May 2005
Volume 46, Issue 13
Free
ARVO Annual Meeting Abstract  |   May 2005
Divergence Eye Movements Are Dependent on Initial Stimulus Conditions
Author Affiliations & Notes
  • T.L. Alvarez
    Biomedical Engineering, New Jersey Inst of Technology, Newark, NJ
  • J.L. Semmlow
    Biomedical Engineering, Rutgers University, New Brunswick, NJ
  • A. Daftari
    Biomedical Engineering, New Jersey Inst of Technology, Newark, NJ
  • C. Pedrono
    Essilor International, St. Maur, France
  • Footnotes
    Commercial Relationships  T.L. Alvarez, None; J.L. Semmlow, None; A. Daftari, None; C. Pedrono, None.
  • Footnotes
    Support  Essilor International
Investigative Ophthalmology & Visual Science May 2005, Vol.46, 2925. doi:
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      T.L. Alvarez, J.L. Semmlow, A. Daftari, C. Pedrono; Divergence Eye Movements Are Dependent on Initial Stimulus Conditions . Invest. Ophthalmol. Vis. Sci. 2005;46(13):2925.

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      © ARVO (1962-2015); The Authors (2016-present)

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Abstract
 
Abstract:
 

Controversy exists among investigations reporting differences between convergence and divergence in terms of each system’s dynamic and temporal characteristics. Here we report that the dynamics of divergence movements not only differ from convergence movement, but depend on the initial vergence position. The Dual Mode Theory states that vergence movements are composed of an transient feedforward component and a sustaining feedback component. This study investigates which component is responsible for the difference in dynamics obversed in the divergence responses. Four subjects were given four degree disparity step changes for convergence and divergence at different initial stimulus positions. Convergence eye movements did not exhibit strong differences in movement dynamics. Conversely, the velocity of divergence eye movements beginning close to the subject was approximately twice that of responses beginning at far. The responses to near stimuli also exhibited shorter temporal properties compared to responses further from the subject. An independent component analysis revealed that the tranient component varies as a function of stimulus position for divergence movements, Figure 1. Hence, while convergence responses are fairly similar irrespective of the initial position, divergence dynamic and temporal properties are dependent on the initial stimulus position. Furthermore, it appears that the transient component of the divergence movement is responsible for this change in neural control.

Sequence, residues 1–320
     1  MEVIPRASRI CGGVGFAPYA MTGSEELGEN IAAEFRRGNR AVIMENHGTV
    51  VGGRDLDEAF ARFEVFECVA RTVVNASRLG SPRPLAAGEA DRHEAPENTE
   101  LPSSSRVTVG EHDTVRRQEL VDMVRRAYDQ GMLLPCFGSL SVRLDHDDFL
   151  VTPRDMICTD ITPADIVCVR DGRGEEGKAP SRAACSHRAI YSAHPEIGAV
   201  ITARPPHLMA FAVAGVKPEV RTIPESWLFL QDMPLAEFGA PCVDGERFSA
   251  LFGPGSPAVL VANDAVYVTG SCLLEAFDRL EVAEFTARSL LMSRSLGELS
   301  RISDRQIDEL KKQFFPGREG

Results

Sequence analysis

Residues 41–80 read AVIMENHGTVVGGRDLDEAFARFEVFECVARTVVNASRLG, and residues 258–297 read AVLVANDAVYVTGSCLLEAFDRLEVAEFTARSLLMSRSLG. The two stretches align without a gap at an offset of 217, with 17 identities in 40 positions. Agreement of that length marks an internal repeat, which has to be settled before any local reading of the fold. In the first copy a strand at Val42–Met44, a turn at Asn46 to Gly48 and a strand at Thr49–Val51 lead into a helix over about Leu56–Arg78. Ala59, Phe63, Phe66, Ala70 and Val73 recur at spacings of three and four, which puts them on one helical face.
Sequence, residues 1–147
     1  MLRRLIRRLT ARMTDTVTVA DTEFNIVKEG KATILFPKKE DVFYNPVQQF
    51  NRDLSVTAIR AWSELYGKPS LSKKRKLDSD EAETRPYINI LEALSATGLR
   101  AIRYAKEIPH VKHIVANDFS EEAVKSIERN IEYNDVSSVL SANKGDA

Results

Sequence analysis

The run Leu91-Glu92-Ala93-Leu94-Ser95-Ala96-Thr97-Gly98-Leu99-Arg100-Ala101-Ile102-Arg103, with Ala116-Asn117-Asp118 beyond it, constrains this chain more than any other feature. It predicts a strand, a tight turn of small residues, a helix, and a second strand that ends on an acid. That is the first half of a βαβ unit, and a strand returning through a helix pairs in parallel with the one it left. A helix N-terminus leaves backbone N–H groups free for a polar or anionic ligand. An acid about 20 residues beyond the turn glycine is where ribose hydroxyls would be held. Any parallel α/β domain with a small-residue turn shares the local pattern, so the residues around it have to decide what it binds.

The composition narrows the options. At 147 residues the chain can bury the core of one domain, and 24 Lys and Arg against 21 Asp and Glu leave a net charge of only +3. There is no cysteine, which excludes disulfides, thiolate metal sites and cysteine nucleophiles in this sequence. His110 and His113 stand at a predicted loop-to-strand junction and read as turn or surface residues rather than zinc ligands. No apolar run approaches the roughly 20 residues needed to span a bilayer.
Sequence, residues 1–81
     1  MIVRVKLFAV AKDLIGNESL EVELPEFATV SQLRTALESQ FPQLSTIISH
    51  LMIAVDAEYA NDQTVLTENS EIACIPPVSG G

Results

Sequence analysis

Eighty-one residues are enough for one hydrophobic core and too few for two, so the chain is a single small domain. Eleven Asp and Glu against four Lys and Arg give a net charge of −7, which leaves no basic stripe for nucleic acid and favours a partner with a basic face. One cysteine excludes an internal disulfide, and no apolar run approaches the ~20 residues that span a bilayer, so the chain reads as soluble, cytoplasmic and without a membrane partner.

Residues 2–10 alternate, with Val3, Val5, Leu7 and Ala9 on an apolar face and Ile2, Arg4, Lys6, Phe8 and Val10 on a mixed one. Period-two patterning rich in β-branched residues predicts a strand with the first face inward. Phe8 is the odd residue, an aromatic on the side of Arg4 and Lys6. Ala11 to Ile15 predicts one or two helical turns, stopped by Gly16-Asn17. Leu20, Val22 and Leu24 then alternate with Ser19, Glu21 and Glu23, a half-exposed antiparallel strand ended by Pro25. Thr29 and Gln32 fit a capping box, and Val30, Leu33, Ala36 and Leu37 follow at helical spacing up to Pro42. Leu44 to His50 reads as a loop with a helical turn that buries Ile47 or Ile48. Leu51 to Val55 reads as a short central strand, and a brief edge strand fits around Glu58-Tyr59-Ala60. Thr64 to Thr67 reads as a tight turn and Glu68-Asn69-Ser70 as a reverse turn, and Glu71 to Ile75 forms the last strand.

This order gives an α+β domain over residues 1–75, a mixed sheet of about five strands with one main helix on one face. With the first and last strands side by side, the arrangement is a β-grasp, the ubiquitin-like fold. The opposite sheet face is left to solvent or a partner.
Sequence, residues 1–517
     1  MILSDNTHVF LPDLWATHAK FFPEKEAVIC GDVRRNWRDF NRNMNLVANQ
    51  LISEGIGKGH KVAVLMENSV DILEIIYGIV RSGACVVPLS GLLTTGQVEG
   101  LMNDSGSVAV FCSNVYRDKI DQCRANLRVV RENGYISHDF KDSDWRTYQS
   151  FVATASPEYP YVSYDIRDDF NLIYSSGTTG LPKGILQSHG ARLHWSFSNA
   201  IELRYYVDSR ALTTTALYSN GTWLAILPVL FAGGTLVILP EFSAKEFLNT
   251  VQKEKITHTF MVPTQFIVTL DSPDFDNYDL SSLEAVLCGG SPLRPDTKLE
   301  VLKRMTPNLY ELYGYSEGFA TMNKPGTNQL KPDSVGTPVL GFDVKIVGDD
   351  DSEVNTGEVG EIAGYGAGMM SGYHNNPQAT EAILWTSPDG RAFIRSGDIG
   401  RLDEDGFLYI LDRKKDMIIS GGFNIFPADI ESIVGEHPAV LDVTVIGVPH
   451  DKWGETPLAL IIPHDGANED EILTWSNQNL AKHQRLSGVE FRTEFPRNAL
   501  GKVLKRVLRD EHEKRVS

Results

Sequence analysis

Keywords: vergence • eye movements 
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